You might also like these treasure hunts: simple index laws and negative & fractional indices, both from Teachit Maths.

There's loads of great worksheets and activities for independent practice. I've already mentioned the Powers of y eliminator from Teachit Maths. Here's two more excellent resources that are suitable for practising the three index laws:
Once you've moved onto fractional and negative indices, there's loads more excellent resources (these might be useful in Year 12 too):
STEM Centre provides some fantastic indices activities from Susan Wall. For example, I like 'Why does?' (extract below) in which students are allocated a statement to think about and explain to the class.
Extract from 'Why does?' by Susan Wall
There's also a true or false activity which is designed to address common misconceptions.
Extract from 'True or False' by Susan Wall
I featured a 'blanks' task idea in Gems 17. Make up some questions like those shown below and put them up around the room. Provide post-it notes so students can suggest values that fit.
I've made two Pret homeworks for this topic, both are available here.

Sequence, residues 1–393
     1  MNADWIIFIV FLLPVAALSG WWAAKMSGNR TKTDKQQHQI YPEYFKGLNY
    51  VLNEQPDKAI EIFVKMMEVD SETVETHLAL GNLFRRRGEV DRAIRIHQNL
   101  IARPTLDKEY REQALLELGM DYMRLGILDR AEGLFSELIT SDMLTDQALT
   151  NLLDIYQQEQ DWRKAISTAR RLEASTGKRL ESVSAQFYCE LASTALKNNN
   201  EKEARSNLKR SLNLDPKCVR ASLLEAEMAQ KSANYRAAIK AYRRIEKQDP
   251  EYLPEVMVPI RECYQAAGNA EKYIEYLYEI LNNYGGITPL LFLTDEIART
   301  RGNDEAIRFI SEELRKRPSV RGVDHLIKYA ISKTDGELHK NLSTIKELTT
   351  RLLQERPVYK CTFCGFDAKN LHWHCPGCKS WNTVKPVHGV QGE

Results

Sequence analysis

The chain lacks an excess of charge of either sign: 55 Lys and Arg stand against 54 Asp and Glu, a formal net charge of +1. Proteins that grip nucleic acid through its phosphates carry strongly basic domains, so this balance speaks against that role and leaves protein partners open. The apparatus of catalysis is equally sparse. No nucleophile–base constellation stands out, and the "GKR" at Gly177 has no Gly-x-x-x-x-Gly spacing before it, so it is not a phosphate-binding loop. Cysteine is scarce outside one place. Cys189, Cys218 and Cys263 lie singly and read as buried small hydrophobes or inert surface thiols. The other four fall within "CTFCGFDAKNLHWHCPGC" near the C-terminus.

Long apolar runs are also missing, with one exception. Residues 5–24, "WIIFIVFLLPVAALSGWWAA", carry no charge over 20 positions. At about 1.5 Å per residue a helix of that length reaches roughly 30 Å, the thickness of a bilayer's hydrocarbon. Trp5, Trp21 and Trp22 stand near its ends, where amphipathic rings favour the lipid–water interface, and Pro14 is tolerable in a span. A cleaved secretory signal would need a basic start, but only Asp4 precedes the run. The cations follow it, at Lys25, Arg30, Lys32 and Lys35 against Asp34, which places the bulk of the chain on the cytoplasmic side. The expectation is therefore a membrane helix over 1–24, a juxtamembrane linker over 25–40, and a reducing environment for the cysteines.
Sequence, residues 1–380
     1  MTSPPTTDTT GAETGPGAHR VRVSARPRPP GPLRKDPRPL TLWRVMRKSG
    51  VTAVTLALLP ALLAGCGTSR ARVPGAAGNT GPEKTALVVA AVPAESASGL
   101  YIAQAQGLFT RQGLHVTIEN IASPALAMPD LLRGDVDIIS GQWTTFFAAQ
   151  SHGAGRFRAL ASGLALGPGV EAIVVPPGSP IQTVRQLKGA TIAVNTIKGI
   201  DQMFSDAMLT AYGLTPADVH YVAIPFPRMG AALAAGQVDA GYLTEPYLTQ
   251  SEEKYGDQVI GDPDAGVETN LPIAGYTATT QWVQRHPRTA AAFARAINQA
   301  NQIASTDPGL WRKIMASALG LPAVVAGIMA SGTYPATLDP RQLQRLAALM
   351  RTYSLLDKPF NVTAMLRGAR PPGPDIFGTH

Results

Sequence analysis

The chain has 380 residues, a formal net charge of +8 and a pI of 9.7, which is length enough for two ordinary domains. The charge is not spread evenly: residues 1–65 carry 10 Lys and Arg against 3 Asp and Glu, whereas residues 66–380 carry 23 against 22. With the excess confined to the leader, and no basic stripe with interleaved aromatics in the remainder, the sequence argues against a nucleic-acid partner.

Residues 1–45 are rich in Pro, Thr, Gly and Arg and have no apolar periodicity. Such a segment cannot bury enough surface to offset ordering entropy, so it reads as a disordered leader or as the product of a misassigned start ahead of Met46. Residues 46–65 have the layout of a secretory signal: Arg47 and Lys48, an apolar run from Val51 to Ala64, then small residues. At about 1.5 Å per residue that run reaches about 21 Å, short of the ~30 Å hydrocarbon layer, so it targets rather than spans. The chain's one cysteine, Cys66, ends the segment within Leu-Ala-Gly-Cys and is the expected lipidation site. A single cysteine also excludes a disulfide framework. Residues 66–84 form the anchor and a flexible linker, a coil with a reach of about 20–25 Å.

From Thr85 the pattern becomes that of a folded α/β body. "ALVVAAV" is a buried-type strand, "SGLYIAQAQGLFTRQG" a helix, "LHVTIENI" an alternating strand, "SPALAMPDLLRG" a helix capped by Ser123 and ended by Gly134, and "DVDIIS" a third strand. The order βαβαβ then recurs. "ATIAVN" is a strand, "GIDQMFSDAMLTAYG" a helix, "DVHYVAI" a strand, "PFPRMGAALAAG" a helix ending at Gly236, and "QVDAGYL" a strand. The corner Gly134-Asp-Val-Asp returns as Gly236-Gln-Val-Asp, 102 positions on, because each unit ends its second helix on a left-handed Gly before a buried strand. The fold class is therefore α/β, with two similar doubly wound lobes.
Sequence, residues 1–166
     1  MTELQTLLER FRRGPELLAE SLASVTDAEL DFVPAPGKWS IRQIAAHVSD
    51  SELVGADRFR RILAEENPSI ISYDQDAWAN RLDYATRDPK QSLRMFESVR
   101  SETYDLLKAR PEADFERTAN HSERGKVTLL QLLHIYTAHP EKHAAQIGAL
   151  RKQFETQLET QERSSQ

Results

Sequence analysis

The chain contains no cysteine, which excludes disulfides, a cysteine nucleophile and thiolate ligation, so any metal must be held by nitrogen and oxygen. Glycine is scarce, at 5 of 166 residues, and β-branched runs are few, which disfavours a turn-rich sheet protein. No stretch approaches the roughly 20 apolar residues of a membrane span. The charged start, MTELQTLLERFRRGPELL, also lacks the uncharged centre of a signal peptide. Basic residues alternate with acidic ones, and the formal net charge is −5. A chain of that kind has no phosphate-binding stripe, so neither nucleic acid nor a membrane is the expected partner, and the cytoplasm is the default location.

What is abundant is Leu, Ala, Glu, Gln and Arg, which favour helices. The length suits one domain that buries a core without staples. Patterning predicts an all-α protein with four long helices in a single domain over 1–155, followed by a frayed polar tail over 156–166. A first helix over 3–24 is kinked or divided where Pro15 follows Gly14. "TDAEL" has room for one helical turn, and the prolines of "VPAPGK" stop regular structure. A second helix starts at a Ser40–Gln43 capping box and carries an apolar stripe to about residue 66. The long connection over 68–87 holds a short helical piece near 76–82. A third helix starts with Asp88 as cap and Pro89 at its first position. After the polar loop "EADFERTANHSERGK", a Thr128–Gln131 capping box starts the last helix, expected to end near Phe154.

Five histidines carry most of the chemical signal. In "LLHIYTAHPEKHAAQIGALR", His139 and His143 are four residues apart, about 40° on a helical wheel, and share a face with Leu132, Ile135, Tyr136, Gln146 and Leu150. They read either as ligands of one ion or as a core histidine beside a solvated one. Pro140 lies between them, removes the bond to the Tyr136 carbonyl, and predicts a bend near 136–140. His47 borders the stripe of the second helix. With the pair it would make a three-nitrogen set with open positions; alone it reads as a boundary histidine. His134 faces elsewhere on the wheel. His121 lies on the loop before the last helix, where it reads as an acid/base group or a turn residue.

There's loads of great extension questions for this topic. I love these mega quadratic equations from Don Steward.
and these mega hard powers questions, also from Don Steward

And two more fantastic rich tasks from Don Steward: Power Sums and Find the Power

At A level, and maybe as extension in Year 11, I like to do some work on comparing indices with different bases. For example, I like this ordering starter.
And my worksheet exponential equations has been useful. It ends with this lovely question. 
Finally, I want to share two questions that I've been using for years with GCSE students, either when I teach indices or when I teach algebraic fractions. My students are always horrified by how complex these questions look, but if they're confident with indices then both equations are actually surprisingly easy to solve. I'm not sure where these questions originated so apologies to the creator for not giving credit.
That's it from me - if you know of any other fantastic indices resources, please comment below or tweet me.

How five squared looks in nightmares.


  1. Lots of great resources thanks. I really like teaching this topic and students appear to enjoy the challenge too. This is also a useful resource: http://www.furthermaths.org.uk/manager_area/files/IndicesandRootsmaze.pdf

    Quite a few others I use you've already listed!

    1. Thanks Tim, not seen that before - love it.

  2. Wow! Fantastic resources, thanks so much! Great to see you so passionate about teaching.

  3. Hi,
    Wonderful resources. Just wondering if there was a ppt version of the indices slides. I cannot seem to download it from box.

    1. Thanks! I've moved it to google drive so the link should work properly now. This is a pdf - did you want the ppt file? If so, bear with me because I need to get it off an old computer so I won't be able to until half term.

  4. Awesome resources and teaching ideas. Thank you!

  5. Thanks to shared your experience with us.